For U.S. investors, the municipal bond market also starts to look attractive after a 20% sell-off this year.
The Q1 commodity rally fizzled in April. However, the situation in Ukraine has not yet stabilized and continues to pose a threat to commodity supplies. Thus, negative surprises stemming from the conflict remain a potential source of upside risk to commodity prices over the near term.
Longer-term, there is going to be structural demand for commodities because of the energy transition but also higher demand in other sectors like the defense industry. At the same time, investment in new commodity supply has been low over the past decade and this supply-demand dynamic will support commodity prices in our opinion.
We believe commodities should be part of a diversified global portfolio.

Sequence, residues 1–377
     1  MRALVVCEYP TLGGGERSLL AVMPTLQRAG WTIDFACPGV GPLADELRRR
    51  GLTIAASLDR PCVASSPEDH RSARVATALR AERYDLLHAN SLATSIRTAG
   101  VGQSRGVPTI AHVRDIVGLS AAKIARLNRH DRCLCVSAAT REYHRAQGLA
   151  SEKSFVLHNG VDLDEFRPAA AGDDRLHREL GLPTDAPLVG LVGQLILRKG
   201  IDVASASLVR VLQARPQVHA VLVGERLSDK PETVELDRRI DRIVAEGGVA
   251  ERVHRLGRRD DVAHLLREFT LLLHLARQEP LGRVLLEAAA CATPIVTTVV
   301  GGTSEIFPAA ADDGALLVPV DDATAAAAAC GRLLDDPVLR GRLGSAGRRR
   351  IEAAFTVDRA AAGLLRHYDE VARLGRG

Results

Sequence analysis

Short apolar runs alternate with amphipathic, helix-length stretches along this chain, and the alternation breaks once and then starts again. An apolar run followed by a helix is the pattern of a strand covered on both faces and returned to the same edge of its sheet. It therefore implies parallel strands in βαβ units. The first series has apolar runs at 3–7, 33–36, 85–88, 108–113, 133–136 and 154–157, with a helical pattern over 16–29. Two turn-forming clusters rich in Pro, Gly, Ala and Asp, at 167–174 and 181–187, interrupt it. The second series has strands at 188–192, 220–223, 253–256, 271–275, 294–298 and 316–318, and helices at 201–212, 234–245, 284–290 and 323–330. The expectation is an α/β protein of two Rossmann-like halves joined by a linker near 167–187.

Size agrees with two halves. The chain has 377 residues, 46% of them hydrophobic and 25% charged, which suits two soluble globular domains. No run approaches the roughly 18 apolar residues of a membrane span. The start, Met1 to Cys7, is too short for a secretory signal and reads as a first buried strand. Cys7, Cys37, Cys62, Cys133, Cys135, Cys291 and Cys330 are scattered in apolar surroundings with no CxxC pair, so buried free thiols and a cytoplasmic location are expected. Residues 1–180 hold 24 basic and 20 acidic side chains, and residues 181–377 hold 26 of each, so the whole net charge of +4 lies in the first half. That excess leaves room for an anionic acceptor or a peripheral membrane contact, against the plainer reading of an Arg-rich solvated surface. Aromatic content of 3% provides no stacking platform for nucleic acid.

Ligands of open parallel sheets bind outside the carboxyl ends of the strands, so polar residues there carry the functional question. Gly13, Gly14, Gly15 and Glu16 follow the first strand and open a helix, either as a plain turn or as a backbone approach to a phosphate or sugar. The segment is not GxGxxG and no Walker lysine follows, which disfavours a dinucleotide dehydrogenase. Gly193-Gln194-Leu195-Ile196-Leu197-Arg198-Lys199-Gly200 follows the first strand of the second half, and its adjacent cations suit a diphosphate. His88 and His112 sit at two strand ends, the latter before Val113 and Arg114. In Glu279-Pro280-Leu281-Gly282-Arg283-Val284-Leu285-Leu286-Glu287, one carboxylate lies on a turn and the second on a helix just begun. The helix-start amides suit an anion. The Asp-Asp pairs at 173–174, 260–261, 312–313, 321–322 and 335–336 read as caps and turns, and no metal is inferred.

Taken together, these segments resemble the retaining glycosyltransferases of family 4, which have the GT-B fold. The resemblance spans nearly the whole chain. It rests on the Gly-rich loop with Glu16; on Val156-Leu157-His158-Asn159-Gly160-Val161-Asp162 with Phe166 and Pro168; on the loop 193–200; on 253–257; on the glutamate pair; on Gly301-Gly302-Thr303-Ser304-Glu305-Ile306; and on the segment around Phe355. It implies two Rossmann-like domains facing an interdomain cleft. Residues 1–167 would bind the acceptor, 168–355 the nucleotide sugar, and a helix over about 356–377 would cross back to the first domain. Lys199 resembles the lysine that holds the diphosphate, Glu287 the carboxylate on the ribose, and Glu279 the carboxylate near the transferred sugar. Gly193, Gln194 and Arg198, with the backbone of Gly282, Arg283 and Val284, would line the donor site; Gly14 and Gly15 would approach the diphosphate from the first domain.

Finally, the U.S. dollar benefitted from a flight to safety amid heightened geopolitical risks and global growth concerns. These forces could continue to underpin the dollar over the near term. Over a longer investment horizon, further USD strength will require more upside surprises in U.S. interest rates, which we do not expect. In other words, we believe the U.S. dollar is likely to weaken against the Euro, Sterling, and Yen over the next 12 months.
In the past 4 months, very defensive sectors have strongly outperformed more growth-sensitive market segments, especially tech stocks. We keep a neutral positioning in our portfolios as we think that a change in inflation expectations could potentially create a fast turnaround in sentiment, and then yesterday’s losers will be tomorrow’s winners again.